Given this momentum, it seemed appropriate to set the economic indicator directly to "red" without waiting for expectations to fall three times.
At the same time, however, in the week of publication of the ifo data, the valuation of the DAX had also improved massively. On 19.3, the German stock barometer was only at around 8500 points. At this level, the DAX was only at around 70 percent of its fair value.
In this constellation - favourable valuation, red economic light - the stock market indicator advised an equity ratio between 30 and 70 percent. In concrete terms, this meant that in this phase, strategically 30 to 70 percent of the capital earmarked for equity investments should actually be invested.
For example, if you have planned to invest 50 percent of your assets in equities in your strategic asset allocation, you should now actually have invested between 15 and 35 percent in the equity market according to the indicator.
We use the results of the capital market seismograph for a more precise, short-term equity positioning within this range. The seismograph is a kind of weather forecast for the stock market. Using a complex mathematical model that includes both economic variables and direct market indicators, the model estimates the probability of three market conditions in the coming month. Green" means that a calm market with a positive trend is expected. If the probability of "green" is very high, investors can invest with confidence. "Yellow" indicates a turbulent market with positive expectations - investing is okay, but hedging is indicated. And "red" indicates a turbulent market with negative expectations. The advice is then: Do not invest.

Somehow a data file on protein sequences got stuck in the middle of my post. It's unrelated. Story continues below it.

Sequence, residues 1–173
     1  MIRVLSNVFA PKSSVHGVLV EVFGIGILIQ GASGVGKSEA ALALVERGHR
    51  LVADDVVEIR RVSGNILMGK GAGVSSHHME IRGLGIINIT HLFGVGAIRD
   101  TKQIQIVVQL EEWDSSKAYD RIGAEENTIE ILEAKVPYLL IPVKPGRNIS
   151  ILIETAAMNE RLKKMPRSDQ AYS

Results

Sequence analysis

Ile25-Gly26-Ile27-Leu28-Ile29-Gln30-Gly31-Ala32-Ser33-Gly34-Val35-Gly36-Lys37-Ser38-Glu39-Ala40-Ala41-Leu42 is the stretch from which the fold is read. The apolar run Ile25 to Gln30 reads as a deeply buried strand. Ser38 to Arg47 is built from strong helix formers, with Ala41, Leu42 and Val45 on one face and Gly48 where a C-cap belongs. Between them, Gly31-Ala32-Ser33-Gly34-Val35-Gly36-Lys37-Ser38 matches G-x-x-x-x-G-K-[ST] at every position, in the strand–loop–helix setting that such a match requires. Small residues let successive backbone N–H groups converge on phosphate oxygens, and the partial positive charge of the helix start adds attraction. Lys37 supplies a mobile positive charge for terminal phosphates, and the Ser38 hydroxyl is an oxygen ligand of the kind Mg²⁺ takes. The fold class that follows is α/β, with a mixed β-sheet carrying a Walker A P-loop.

At the beginning of the second week of March, the capital market seismograph recommended a significant reduction in the equity ratio. At the time, Oliver Schlick, Secaro, - who developed the model together with Professor Rudi Zagst from the Technical University of Munich - commented on the massive increase in the probability of negative turbulence that was evident at the time as follows: "Against this background, investing in equities is simply too risky. That is why a significant reduction in the equity ratio is recommended".
This has not changed at present. "The probability of negatively turbulent markets continues to dominate events, so from the seismograph's point of view there is currently no reason to deviate from the very defensive weighting of the stock market in the portfolio," Oliver Schlick informs.
In combination with the two factors of the private wealth stock market indicator, this means that the short-term recommended equity weighting remains at the lower end of the medium-term corridor of 30 to 70 percent. In concrete terms, as of today only 30 percent of the capital earmarked for equity investments should be invested. 70 percent remains in cash as liquidity. It will now be interesting to see when the seismograph gives the all-clear again and thus allows the private wealth stock market indicator to increase the equity ratio again.
Note: Despite careful selection of the sources, no liability can be assumed for the accuracy of the content. The information provided in private wealth is for informational purposes only and does not constitute an invitation to buy or sell securities.